At a press conference Tuesday, Haifa Mayor Yonah Yahav said that a new report on the dangers posed by ammonia storage facilities in his city is “frightening. The way ammonia is imported and stored, including the ships it is transported in and the storage facilities it is kept in, constitute an immediate threat for a catastrophic incident that could, R”l, end in death and injury or damaged health to hundreds of thousands of Israelis.”
The report, which Yahav presented Tuesday, was authored at the request of the city by Professor Ehud Keinan of the Technion.
Haifa is home to a large ammonia storage facility, operated by Haifa Chemicals. In 2013, the Environment Ministry approved a plan to move it to a less-populated area of the Negev, because of fears that a leak or other incident could endanger the health and lives of the 800,000 residents of the region. The matter has been a cause célèbre for environmental groups for decades, who have organized many petitions, protests and marches over the years to move the facility.
Those fears, said Yahav, are very well founded, according to the report. To start with, ammonia is poisonous, and exposure to a concentration of even a small amount (as little as 5,000 parts per million, or a 0.5-percent concentration) could lead to death within minutes. “Israel needs no more than 3,000 tons of ammonia a year, and that is a small enough amount to store in small facilities” away from a heavily populated area like Haifa.
One of the chief fears of security officials is that terrorists, or Hezbollah missiles, could attack the storage facilities. Last year, Hezbollah chief terrorist Hassan Nasrallah said that the Haifa storage facilities were on Hezbollah’s target list. “It would have the same effect as an atomic bomb, according to the Israelis themselves,” Nasrallah told supporters. “They have 15,000 tons of ammonia there. If one of our missiles hit that site it would mean the death of tens of thousands — just like with a nuclear weapon.”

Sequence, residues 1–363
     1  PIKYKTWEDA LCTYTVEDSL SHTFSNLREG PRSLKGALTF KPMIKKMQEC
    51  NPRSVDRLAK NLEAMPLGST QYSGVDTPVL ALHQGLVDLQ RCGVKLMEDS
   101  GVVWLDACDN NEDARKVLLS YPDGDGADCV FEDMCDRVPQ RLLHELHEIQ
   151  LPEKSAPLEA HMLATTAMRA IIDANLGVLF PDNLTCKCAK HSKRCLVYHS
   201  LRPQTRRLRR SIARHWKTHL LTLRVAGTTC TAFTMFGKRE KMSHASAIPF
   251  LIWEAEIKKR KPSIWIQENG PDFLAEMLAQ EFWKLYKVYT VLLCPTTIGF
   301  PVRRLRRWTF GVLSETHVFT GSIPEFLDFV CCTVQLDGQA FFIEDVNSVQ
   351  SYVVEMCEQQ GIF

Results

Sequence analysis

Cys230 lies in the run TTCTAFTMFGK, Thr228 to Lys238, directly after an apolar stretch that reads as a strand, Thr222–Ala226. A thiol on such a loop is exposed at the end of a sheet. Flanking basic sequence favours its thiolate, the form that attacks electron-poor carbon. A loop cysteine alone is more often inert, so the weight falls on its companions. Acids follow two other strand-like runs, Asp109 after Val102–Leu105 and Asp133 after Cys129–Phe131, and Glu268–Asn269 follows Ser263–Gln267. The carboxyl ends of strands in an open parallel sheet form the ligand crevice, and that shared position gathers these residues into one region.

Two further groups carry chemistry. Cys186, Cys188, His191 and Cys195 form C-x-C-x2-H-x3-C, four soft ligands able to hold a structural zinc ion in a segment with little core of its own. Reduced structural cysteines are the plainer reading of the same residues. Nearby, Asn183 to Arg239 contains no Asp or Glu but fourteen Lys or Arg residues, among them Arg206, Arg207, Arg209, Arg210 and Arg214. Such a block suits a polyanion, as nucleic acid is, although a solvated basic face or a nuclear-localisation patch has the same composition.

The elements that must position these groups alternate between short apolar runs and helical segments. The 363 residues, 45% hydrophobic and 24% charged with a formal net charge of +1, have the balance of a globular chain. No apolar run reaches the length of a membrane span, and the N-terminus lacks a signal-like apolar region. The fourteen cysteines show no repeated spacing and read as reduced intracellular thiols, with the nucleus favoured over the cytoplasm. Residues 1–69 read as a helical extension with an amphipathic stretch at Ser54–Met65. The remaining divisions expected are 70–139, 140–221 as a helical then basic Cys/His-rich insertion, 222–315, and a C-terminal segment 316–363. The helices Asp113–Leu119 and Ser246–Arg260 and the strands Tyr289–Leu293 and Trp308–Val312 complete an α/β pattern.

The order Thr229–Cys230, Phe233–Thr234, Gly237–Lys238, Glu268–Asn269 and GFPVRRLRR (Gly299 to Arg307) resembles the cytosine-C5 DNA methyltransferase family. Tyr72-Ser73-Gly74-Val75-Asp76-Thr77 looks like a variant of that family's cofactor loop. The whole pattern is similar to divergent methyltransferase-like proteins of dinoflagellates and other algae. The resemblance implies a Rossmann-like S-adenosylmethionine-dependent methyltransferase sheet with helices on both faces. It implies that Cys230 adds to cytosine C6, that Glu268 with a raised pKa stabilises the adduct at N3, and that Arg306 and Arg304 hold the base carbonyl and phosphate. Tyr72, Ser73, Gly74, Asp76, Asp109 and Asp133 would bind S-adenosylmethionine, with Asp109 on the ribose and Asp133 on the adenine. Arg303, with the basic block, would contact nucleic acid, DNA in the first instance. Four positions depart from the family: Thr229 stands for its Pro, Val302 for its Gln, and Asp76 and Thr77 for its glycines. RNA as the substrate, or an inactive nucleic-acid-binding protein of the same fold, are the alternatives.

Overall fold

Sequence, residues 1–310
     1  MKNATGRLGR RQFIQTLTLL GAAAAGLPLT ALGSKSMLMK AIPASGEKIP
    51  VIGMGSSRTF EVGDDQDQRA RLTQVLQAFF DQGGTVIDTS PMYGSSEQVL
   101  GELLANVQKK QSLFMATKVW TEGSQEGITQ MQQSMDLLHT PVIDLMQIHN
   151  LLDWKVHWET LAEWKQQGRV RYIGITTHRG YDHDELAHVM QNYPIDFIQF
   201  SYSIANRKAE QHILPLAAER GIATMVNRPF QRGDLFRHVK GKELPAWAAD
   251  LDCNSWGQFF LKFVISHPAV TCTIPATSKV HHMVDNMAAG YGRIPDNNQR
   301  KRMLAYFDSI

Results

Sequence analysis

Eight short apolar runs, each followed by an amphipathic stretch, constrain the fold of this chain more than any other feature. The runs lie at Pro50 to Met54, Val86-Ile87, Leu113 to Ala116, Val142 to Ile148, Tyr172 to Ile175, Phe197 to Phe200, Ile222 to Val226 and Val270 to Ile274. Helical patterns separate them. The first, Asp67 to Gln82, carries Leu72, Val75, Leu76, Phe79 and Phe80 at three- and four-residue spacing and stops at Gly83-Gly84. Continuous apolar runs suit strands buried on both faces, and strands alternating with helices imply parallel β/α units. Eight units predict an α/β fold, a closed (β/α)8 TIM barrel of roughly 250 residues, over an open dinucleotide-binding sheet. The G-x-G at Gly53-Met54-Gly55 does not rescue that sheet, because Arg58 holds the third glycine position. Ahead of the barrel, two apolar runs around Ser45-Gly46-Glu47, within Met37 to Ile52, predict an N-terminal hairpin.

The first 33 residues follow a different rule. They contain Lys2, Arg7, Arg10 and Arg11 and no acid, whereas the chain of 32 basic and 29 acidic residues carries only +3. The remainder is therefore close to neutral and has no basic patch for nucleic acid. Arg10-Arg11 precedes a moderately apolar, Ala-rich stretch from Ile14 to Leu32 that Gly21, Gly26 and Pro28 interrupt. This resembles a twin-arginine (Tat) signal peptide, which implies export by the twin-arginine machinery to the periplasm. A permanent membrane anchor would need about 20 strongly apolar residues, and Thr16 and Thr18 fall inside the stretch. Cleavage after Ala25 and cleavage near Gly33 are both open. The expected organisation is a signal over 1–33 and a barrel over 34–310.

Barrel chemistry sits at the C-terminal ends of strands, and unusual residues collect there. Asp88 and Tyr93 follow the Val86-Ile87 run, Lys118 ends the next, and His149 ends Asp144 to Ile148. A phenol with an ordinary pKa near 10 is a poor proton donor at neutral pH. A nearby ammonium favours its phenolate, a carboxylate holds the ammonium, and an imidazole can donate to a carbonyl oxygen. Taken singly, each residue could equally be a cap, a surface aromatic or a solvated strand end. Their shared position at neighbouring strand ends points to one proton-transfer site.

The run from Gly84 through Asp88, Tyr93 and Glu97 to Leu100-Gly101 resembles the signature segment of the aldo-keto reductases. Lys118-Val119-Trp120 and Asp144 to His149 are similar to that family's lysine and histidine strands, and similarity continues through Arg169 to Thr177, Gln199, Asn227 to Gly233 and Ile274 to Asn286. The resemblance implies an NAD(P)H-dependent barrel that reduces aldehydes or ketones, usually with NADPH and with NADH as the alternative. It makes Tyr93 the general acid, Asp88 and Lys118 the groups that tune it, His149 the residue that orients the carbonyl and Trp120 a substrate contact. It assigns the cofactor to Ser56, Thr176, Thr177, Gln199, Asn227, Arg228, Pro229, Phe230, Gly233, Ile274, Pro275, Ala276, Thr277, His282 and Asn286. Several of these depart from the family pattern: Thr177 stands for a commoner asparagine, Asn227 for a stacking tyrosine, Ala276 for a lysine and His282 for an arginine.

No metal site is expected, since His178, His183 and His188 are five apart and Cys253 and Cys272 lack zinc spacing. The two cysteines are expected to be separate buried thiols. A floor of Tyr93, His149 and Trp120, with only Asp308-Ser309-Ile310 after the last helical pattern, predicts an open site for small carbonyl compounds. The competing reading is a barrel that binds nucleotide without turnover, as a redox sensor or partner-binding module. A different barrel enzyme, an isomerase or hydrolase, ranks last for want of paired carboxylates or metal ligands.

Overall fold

But an even more immediate issue is the fact that the storage facilities have been in Haifa Bay for decades — and professional groups recommend not storing ammonia in the same containers for more than 40 years. “As such, the storage facilities in Haifa are nearing the end of their life cycle,” said Yahav. “That means they could literally collapse within months. They must be shut down and moved immediately. We have studied other ammonia storage facility collapses around the world, and we have strong fears that the same thing could happen here,” he added.
Yet an even greater danger is one that few Israelis are even aware of: the ship that Haifa Chemicals uses to transport the ammonia to Haifa. “This is a subject that has never even been raised in the past,” said Yahav. “The possibility of a ship leaking ammonia into Haifa Bay is strong, and it could have a devastating environmental impact. Half of the leaking ammonia would dissolve in the sea, and the other half would evaporate into an ammonia cloud” that would move onshore, bringing death in its wake.
“A terror or rocket attack on the ship would create an explosion that would put 600,000 people in immediate danger of death,” Yahav added. “The party is over. For 13 years we have fought legal battles to move this facility, and have been met with cynicism and resistance. This ammonia issue must be resolved immediately.”
In a statement, Haifa Chemicals said that Yahav was “sowing panic and using a professional report cynically to rehash threats that have been dismissed by security officials. He also knows that Professor Keinan used 40-year-old data to compile his report, and this, of course, is no longer relevant. Yahav would do better to invest his time in repairing the city’s poor health and education systems and improving the city’s socio-economic level rather than cause provocations based on untruths.”